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Biophys J. 2002 Feb;82(2):740-51.

Evidence for a light-induced H(+) conductance in the eye of the green alga Chlamydomonas reinhardtii.

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Institut für Biochemie I, Universität Regensburg, 93040 Regensburg, Germany.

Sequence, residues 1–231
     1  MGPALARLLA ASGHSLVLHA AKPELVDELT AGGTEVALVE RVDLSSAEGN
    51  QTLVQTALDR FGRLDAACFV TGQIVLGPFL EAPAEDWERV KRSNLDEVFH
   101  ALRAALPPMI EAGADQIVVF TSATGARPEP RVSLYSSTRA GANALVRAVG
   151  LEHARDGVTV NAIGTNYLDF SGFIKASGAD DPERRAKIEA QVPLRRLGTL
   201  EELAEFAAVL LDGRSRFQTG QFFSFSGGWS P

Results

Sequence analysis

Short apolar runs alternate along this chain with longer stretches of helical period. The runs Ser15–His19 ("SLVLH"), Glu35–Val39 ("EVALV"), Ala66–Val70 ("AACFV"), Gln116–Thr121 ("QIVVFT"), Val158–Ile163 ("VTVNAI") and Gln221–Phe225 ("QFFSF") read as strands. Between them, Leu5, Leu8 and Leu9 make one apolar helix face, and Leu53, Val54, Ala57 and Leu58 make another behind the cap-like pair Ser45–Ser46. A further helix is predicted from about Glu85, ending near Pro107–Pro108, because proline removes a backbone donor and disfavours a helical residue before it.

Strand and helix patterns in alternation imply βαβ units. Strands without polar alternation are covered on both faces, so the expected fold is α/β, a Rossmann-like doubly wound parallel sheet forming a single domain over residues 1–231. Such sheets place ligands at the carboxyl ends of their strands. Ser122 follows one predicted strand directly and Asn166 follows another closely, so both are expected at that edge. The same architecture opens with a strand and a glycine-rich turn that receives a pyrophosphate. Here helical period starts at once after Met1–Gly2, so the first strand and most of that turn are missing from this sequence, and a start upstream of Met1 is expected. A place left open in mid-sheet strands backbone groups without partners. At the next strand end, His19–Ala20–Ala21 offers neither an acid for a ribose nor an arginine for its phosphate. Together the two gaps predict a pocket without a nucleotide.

Rhodopsin-mediated photoreceptor currents, I(P), of the unicellular alga Chlamydomonas reinhardtii were studied under neutral and acidic conditions. We characterized the kinetically overlapping components of the first, flash-induced inward current recorded from the eye, I(P1), as a low- and high-intensity component, I(P1a) and I(P1b), respectively. They peak between 1 and 10 ms after the light-flash and are both likely to be carried by Ca(2+). I(P1a) and I(P1b) exhibit half-maximal photon flux densities, Q(1/2), of approximately 0.14 and 58 microE m(-2), and maximal amplitudes of approximately 4.9 and 38 pA, respectively. At acidic extracellular pH values (pH 3-5), both I(P1) currents are followed by distinct H(+) currents, I(P2a) and I(P2b), with maxima after approximately 5 and 100 ms, respectively. Because the Q(1/2) values of I(P1b) and I(P2b) virtually coincide with Q(1/2) of rhodopsin bleaching, we suggest that the respective conductances G(1b) and G(2b) are closely coupled to the rhodopsin, whereas the low light-saturating conductances G(1a) and G(2a) reflect transducer-activated states of a second rhodopsin photoreceptor system.

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